people power: fighting for peace charts the evolution of the anti-war movement
A new exhibition captures the creativity of the anti-war movement, from the outbreak of the First World War, all the way through to present-day conflicts in the Middle East.
© Edward Barber Labour Party "Nuclear Arms No - Peace Yes" rally in Hyde Park, London (1980)
It's a funny thing writing about the power of protest. If it really was that powerful, then we probably wouldn't have war or Brexit or He Who Shall Not Be Named currently sitting in the White House, would we? Of course, that's a bit of a leading question. These things take time and advocacy groups can, more often than not, point to situations where their work has had a huge impact. The Limited Nuclear Test Ban in 1963, for instance. Or the Intermediate-Range Nuclear Forces Treaty in 1987. Both followed intense periods of campaigning by CND, the anti-nuclear organization whose Gerald Holtom-designed symbol became synonymous with the countercultural attitude of the 1960s.
So, too, the anti-war marches of February 2003, when between one and two million people protested in London. The surge of protest didn't manage to stop the invasion of Iraq, but it certainly left a mark on public consciousness, recruiting those who perhaps never thought of themselves as activists and shifting foreign policy to the point where subsequent governments have found it harder to commit to military action than ever before.
It's an idea further explored in the Imperial War Museum's People Power: Fighting for Peace. The UK's first exhibition to chart the evolution of the anti-war movement, it contains over 300 items — from placards to posters, banners to badges — shedding light on the creativity of those who have opposed war and the very real impact they have had on the cultural moods of each era. From the conscientious objectors of the First World War and their artworks outlining the destructive nature of battle, all the way through to Peter Kennard and Cat Phillipps's iconic montage of Tony Blair taking a selfie against an explosion, the exhibition demonstrates the shifting nature of conflict and the myriad ways in which peace movements have sought to respond.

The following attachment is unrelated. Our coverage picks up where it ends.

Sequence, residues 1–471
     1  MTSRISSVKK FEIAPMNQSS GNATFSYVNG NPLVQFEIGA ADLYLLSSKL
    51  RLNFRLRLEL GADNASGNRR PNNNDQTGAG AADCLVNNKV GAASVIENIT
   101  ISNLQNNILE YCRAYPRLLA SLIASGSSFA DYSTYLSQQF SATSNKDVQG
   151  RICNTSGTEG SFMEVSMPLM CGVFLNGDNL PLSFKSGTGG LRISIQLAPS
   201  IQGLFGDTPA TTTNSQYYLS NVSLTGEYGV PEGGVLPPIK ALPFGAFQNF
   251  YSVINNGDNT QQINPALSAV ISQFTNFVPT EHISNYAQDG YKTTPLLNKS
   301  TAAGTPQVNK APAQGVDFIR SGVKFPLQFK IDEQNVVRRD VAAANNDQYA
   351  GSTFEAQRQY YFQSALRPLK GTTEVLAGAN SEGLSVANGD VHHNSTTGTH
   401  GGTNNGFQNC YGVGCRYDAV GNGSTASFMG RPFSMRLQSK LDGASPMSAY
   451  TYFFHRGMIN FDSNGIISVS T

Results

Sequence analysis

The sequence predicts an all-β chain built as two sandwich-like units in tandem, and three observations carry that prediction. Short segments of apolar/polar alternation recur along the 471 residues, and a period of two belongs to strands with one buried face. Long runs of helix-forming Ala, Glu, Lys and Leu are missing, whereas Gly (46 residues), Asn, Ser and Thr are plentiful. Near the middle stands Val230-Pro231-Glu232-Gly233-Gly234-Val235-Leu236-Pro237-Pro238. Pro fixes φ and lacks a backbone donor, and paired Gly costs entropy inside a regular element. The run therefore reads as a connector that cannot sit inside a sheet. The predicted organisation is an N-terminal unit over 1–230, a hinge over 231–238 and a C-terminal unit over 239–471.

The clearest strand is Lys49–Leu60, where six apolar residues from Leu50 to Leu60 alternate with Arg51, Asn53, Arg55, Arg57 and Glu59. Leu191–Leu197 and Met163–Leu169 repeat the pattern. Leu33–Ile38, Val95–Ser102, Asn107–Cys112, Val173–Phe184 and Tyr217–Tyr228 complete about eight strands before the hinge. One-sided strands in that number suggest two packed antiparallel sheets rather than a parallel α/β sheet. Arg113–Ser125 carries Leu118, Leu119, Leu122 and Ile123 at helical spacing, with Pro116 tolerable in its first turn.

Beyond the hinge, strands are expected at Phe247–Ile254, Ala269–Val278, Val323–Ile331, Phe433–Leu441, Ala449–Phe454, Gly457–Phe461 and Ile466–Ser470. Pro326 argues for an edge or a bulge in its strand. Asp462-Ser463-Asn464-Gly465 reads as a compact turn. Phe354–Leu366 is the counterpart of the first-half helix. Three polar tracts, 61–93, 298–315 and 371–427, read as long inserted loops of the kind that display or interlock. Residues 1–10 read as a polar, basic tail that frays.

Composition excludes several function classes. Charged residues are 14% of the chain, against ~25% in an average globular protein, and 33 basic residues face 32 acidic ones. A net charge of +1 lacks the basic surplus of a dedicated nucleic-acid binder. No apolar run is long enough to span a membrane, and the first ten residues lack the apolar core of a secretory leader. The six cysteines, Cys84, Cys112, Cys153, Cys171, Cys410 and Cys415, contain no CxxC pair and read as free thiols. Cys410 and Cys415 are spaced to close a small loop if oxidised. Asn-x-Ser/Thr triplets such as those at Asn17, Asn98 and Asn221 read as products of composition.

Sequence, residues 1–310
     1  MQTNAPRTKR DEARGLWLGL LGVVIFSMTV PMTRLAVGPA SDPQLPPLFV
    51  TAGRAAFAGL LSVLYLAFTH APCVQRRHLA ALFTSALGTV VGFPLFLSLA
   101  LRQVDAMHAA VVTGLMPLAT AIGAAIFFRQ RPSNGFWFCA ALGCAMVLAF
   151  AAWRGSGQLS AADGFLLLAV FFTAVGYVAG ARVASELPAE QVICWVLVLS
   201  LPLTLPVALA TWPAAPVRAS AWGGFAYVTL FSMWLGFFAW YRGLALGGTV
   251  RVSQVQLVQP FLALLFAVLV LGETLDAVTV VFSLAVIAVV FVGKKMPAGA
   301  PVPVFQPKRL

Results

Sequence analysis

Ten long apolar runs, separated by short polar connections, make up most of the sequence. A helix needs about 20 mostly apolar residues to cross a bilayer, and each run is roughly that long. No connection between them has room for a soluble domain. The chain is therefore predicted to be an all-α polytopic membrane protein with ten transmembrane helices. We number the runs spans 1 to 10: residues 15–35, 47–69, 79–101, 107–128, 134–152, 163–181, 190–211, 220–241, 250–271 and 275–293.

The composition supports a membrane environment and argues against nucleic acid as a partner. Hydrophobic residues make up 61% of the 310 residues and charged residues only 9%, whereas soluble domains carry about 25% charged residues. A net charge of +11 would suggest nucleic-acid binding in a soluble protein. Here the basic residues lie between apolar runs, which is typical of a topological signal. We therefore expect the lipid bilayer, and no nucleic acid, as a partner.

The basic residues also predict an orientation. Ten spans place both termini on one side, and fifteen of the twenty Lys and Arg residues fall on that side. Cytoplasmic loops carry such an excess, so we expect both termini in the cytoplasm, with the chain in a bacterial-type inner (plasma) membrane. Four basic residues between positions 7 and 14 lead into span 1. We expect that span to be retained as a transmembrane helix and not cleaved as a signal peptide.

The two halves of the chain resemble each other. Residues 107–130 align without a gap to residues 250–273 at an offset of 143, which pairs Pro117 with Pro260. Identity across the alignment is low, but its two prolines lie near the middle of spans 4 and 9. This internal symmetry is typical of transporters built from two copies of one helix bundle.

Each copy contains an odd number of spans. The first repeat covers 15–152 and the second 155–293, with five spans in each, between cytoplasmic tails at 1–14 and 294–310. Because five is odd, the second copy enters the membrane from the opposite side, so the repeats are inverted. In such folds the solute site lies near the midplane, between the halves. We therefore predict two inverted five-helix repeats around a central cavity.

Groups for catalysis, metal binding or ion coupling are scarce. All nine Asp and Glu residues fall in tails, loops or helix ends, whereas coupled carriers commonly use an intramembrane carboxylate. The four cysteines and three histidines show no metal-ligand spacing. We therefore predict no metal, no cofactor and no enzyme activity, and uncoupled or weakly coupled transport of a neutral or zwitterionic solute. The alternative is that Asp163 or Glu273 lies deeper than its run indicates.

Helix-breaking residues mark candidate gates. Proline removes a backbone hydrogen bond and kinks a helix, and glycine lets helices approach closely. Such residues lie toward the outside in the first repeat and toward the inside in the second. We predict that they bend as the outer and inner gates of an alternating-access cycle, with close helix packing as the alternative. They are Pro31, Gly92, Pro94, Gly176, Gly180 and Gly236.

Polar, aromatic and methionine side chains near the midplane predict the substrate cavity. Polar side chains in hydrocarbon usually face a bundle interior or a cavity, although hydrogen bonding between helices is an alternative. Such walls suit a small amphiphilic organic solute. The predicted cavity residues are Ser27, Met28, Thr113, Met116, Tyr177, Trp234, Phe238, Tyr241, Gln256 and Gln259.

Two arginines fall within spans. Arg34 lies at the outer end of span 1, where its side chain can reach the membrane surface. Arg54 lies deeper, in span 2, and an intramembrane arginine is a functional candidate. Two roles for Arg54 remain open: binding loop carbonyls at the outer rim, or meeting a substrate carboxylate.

"This exhibition is the first of its kind and displays a number of fascinating items which have never been exhibited before," says the show's curator Matt Brosnan. "In IWM's Centenary year, this major exhibition continues our mission to explore war and conflict from multiple perspectives — highlighting the peace movement and its important role in British history." War may be futile, but protest never is.
Text Matthew Whitehouse
Images courtesy of IWM London